Since my diagnosis I have had to give up work and I now find my main transport to be a wheelchair. I can still walk a little way, but when I leave the home boundary, the wheelchair is it. Yes, it is a hard road and it won’t get any easier, I know that.
But I have a terrific home unit, wonderful friends and neighbours who care and keep me smiling. I think the most important element is to keep positive people around you, negativity is the worst emotion to cope with. Understanding that yes, I have a battle ahead but when I fall down, we can have a laugh. If I can’t put my shoe on we laugh.
Of course we get sad and sometimes. A melt down with tears does us all good, but we all know I am stubborn and determined to live life to the fullest.
I have a go at things I probably shouldn’t, which is sometimes my undoing, but I give it a go, if I don’t I’ll never know. Daily tasks are more and more difficult but I try to get around the negatives and do something positive to perk us up.
“Black Caviar” my dream comes true!
I hadn’t attended the races for 15 months. When it was announced the super mare Black Caviar was coming to Morphettville on 28 April, I just had to be there. I didn’t know if I could do it, surrounded by a predicted huge crowd of over 30,000. I was anxious about a wheelchair in a crowd so big and I didn’t know how I would go. The SAJC sent me a beautiful gift by way of transport to and from Morphettville on the day. David Peacock (Chairman) and Brenton Wilkinson (CEO) of SAJC, have been in touch with me since I left my work and remain lifelong friends.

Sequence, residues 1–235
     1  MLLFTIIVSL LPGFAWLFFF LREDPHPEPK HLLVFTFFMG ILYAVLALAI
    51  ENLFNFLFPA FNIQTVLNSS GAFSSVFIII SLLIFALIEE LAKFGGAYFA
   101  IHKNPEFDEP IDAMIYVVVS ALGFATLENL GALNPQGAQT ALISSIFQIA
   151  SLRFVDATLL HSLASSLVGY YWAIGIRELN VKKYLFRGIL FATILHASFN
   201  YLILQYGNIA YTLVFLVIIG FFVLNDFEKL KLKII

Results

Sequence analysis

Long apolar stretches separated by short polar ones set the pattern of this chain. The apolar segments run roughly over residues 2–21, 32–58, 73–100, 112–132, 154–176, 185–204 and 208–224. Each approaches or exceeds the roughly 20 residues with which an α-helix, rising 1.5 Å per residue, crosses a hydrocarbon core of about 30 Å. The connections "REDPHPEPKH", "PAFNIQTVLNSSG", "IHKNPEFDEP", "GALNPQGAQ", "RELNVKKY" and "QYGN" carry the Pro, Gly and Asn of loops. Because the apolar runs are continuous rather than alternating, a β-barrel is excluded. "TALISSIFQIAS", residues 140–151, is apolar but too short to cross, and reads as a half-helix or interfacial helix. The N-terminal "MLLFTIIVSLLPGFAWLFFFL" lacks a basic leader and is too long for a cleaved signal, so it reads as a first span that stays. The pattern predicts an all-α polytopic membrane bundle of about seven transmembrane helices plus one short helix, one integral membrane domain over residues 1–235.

After much hesitation and some anxiety Ashley, Dimity and I did my wheels up in Caviar’s colours. As Greg was away, my dear neighbour came with us to help out. When we arrived I could smell the track and the horses – the atmosphere was exhilarating! After watching the champ win her 20th out of 20 starts, I felt I had done it all. While we were waiting for our transport back to Gawler, trainer Phillip Stokes approached me. I cheekily asked him if he could get me a dollop of Caviar’s manure to freeze and put in a glass ball. Of course he laughed (worth a try) then he grabbed my wheelchair, rushed me through security and before I knew it I was having a private meeting with Black Caviar! I was patting her, in awe of this incredible athlete. Needless to say I was and am still on cloud nine!Black Caviar returned 2 weeks later to get her 21st win in a row. Greg and I returned to Morphettville, transport courtesy again from the SAJC. As Caviar waltzed to her 21st win I took great action photos and the day was a dream.